When paintings can be examined safely in the conservation studio, minute samples of paint may be taken from the edges of pre-existing losses or other areas of damage.
These samples can then be viewed under high magnification with a microscope. This helps to identify the painting materials present, particularly the pigments. Other laboratory techniques can in turn be applied to identify the paint binding medium.
Investigating the Ansidei Madonna
The binding medium for Raphael’s ‘Ansidei Madonna’ was revealed using an advanced technique called gas-chromatography linked to mass spectrometry (GC-MS). This showed that the picture was painted in a wide range of pigments, bound together using walnut oil.
Paint samples can be mounted in a block of resin, then ground and polished so that the sequence of layers can be viewed under the microscope. In this way the build up of the composition is revealed. The mounted sample is called a paint cross-section. At high magnification it becomes possible to study both the layer structure, which may include the preparatory layers, and the pigments used.
In the case of the Ansidei Madonna, there is a prepartion on the wood panel of a gesso ground with an oil-based priming on top. Raphael achieved his effects by applying oil paint over these preparatory layers. The deep, rich red of Saint John the Baptist’s robe, for example, is built up with several layers of semi-opaque colour completed with translucent glazes.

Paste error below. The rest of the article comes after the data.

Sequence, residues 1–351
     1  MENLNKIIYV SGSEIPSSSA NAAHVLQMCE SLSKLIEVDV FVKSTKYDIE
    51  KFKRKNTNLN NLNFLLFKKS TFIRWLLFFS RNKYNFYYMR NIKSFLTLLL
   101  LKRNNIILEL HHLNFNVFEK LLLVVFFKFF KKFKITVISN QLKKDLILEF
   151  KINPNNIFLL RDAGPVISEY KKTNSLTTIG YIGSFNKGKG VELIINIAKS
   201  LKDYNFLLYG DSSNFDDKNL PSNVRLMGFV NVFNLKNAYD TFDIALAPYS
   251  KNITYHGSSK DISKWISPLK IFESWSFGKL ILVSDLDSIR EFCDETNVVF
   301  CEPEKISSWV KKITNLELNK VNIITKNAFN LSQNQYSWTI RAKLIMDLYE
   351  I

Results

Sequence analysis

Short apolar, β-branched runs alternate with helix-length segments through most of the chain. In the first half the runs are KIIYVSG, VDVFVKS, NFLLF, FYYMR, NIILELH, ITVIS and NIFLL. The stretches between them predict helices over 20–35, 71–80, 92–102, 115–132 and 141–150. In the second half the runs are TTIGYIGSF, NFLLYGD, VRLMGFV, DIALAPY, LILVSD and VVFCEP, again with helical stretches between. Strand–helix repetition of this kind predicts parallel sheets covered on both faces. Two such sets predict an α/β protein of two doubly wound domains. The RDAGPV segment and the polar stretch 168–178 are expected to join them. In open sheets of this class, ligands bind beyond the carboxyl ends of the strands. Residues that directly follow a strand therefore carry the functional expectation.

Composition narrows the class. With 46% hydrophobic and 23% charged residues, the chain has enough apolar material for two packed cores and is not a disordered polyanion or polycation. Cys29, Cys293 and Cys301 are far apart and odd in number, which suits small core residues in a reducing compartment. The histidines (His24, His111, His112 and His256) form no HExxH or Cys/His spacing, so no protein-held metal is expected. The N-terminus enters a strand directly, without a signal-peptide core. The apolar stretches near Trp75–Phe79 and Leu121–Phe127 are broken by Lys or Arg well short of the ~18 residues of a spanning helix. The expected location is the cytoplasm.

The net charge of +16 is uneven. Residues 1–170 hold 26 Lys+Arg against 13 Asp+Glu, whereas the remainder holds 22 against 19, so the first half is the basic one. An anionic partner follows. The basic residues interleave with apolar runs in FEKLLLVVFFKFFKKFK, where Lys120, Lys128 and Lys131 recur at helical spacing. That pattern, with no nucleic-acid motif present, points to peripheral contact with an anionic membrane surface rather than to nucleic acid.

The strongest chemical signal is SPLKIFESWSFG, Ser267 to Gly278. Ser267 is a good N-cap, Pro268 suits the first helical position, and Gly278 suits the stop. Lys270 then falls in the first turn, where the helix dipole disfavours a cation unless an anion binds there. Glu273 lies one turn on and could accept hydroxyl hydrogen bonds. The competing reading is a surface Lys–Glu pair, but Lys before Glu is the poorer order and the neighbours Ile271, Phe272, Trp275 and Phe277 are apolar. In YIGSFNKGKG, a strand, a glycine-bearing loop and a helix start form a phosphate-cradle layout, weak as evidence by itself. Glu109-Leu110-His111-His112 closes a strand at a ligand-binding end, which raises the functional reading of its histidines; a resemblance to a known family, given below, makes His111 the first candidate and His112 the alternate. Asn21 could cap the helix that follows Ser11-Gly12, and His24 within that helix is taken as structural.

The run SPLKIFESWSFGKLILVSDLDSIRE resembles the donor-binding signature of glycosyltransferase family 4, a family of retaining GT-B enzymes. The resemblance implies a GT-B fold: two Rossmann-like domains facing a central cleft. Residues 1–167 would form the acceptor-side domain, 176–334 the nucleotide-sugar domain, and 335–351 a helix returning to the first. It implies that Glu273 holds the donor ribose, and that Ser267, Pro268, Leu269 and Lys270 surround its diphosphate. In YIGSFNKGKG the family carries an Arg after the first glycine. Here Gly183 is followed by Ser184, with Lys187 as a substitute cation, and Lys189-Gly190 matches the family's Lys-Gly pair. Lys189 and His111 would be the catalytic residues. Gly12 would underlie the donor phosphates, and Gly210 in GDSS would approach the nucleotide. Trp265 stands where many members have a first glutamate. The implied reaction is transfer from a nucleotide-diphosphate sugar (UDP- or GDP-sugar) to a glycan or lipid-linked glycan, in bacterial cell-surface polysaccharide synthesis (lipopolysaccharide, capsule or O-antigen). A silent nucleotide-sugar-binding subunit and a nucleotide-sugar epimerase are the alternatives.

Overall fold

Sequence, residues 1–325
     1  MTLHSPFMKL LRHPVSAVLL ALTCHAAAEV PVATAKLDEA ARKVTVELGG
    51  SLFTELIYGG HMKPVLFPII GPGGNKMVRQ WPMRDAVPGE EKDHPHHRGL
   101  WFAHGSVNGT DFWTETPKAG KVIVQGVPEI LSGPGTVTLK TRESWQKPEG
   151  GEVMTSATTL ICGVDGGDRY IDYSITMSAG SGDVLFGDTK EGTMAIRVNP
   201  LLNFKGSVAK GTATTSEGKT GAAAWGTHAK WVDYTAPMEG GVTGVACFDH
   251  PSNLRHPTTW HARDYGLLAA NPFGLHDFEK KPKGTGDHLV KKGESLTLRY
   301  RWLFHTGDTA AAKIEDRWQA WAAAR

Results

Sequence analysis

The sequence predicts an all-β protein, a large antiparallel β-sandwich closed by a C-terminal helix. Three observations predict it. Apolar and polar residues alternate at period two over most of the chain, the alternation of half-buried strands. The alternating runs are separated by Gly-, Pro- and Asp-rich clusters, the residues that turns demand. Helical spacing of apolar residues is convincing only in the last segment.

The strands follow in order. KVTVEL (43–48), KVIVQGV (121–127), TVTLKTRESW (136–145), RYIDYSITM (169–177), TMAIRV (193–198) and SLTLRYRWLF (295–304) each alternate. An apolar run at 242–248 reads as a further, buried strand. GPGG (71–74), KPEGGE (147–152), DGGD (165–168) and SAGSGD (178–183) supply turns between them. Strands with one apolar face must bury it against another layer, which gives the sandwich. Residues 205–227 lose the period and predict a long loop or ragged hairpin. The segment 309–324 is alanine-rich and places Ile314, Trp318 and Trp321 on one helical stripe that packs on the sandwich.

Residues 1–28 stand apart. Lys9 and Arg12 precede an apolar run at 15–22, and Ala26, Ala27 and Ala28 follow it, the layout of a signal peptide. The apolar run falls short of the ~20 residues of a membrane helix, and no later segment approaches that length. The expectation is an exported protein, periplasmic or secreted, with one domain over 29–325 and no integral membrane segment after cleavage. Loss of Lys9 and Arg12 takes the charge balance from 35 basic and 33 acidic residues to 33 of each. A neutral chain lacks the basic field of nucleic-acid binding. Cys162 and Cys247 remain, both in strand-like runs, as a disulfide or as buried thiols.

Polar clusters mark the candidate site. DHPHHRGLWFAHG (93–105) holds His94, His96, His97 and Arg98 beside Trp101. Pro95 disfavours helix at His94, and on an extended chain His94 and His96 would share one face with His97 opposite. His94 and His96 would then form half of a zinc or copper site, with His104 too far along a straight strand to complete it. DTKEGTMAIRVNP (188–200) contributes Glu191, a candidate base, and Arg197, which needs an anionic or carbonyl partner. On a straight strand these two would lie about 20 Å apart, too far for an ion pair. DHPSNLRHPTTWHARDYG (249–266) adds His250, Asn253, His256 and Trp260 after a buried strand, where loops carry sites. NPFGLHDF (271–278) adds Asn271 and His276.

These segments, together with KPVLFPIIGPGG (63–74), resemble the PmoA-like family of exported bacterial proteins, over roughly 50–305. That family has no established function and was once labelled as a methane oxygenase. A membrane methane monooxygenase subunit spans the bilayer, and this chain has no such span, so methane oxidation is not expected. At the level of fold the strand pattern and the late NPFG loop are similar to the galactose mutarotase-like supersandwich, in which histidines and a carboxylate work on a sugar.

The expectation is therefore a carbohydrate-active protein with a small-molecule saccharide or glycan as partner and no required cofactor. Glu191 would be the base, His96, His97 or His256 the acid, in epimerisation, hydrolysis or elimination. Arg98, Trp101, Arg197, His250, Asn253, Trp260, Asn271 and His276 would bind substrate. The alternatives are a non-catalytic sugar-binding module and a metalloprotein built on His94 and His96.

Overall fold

Raphael used a rich variety of gilding techniques for this altarpiece. On the upper surface we can see the powdered gold and powdered silver, which has been used for the pattern on the border of the mantle.
No expense was spared for this painting. The final layer of the Madonna’s blue drapery is painted as a glaze of the very expensive pigment, natural ultramarine. This is made from a semi-precious stone (lapis lazuli) which had to be imported from mines in Afghanistan.
Cross-sections can also reveal alterations to the composition (pentimenti). For example, the grey architecture and vaulting behind the Virgin’s throne was not planned by Raphael from the beginning. It was in fact painted over the skyline and landscape after painting had been started.
We know this because a cross-sectional sample has shown that a layer of green paint of the landscape lies beneath the grey paint of the architecture. Analysis has shown that this grey colour contains a most unusual silvery pigment – a powdered heavy metal known as bismuth.